Stan Musial

Stan the Man is on the short list for MLB’s Mt. Rushmore, and no doubt would be a unanimous choice among Cardinals fans. Musial dominates the Cardinals’ all-time leaderboard, even leading in triples. He spent his entire career in St. Louis and remains an icon. He made 24 All-Star teams, was MVP three times with four runner-up finishes, won seven batting titles, is fourth all-time in the majors in hits, second in total bases, ninth in runs and sixth in RBIs. That’s quite a resume. He also was awarded the Presidential Medal of Freedom, the highest honor that can be bestowed on a civilian.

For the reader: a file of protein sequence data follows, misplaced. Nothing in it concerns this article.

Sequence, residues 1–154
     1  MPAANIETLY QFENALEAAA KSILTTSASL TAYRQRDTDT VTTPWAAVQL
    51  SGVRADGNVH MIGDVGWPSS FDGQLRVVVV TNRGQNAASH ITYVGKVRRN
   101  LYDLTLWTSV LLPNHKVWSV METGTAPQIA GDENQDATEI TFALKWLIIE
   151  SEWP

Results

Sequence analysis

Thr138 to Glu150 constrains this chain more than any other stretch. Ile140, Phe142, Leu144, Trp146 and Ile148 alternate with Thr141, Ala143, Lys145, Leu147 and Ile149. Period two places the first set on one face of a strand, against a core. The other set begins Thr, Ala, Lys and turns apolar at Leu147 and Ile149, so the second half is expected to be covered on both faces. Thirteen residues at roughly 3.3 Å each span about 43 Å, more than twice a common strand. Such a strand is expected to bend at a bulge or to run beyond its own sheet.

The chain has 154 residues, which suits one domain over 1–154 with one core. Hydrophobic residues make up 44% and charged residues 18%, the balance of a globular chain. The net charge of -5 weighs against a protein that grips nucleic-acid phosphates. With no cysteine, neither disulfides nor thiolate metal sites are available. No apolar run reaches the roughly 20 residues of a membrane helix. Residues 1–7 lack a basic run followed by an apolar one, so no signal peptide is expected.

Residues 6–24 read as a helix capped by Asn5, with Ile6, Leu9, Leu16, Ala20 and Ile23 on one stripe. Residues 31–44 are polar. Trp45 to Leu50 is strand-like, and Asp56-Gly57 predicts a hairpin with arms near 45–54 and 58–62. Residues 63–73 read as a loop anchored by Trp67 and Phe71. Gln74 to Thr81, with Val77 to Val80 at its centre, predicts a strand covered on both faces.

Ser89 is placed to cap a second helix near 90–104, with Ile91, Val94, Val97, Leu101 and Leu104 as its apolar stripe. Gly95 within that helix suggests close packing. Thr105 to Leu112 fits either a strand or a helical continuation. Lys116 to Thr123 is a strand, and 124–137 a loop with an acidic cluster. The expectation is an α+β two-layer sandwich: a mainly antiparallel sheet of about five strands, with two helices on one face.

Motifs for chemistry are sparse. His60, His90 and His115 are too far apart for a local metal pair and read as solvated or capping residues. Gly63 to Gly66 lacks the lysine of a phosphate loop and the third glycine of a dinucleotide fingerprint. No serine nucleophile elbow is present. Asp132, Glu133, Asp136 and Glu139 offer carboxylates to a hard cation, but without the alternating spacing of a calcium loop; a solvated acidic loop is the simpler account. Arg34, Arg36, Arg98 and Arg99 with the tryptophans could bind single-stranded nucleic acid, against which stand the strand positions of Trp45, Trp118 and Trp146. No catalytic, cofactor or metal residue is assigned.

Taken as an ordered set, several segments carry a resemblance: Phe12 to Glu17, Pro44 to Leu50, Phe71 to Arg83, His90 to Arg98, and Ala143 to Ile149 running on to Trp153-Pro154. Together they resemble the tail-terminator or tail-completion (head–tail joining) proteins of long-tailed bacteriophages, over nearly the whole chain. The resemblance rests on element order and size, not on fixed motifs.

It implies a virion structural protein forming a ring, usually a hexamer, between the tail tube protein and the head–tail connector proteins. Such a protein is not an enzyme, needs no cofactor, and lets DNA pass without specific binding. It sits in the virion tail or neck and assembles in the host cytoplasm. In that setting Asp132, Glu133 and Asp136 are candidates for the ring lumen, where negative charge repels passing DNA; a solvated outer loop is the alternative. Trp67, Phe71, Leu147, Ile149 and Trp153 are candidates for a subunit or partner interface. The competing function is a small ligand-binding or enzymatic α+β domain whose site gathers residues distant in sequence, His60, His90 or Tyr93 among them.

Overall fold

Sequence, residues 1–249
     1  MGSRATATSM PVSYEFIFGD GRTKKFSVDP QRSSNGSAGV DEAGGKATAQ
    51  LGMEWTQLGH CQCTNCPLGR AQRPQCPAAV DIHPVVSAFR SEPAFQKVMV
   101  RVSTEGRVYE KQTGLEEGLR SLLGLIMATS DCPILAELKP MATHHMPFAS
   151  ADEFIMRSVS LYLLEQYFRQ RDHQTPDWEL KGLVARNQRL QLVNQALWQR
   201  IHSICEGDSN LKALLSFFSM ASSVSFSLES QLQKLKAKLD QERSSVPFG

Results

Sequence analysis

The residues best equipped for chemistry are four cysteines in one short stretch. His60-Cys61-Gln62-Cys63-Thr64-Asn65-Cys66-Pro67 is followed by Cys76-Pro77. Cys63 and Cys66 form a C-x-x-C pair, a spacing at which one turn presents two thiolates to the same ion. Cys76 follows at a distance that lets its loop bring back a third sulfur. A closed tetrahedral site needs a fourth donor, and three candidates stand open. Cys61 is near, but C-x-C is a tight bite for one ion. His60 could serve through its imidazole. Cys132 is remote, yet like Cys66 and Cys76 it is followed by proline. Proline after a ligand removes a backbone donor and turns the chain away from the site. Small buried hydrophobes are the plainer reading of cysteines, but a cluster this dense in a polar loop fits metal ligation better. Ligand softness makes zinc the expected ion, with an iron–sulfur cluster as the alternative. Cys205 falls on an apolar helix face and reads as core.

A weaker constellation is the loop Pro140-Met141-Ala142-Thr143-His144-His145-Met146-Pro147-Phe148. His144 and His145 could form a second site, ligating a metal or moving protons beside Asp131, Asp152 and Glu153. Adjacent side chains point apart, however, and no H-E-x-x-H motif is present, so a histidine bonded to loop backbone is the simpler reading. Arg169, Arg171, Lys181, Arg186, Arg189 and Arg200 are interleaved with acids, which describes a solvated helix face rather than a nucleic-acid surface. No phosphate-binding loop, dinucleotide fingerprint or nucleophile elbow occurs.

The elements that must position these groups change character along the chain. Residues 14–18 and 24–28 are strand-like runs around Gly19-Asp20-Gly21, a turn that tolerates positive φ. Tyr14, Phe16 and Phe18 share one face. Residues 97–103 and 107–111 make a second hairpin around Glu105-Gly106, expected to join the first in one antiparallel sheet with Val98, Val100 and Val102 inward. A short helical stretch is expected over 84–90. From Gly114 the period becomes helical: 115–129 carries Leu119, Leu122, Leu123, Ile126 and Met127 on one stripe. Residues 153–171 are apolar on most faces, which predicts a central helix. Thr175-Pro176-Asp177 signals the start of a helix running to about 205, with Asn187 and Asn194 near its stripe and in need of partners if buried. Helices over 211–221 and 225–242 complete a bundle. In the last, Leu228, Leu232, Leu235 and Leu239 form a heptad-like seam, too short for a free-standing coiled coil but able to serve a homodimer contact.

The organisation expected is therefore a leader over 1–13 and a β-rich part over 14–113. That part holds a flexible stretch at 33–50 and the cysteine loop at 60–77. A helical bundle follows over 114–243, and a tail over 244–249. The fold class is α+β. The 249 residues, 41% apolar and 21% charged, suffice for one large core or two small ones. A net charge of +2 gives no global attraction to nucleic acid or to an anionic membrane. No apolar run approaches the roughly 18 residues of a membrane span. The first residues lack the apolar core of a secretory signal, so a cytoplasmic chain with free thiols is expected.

Bob Gibson

Gibson had as intimidating a mound presence as any pitcher ever. The menacing righthander spent his entire career with the Cardinals and was instrumental in the three pennant winners in the 1960s. There are the two Cy Young awards and 1968 MVP, but Gibson’s World Series performances were off the charts. In three Series he made nine starts with nine complete games, going 7-2 with a 1.89 ERA. He had 92 strikeouts in 81 innings and a 0.889 WHIP.

 

Lou Brock

Known for his stolen base records, Brock was much more than a one-dimensional player. Other than establishing season and career stolen base records, Brock had 3,023 hits — 2,713 of them with the Cardinals. He scored 1,427 runs for St. Louis and drove in 900 runs in his career, 640 of them from the leadoff spot. He is as beloved in St. Louis now as the day he retired.

 

Ozzie Smith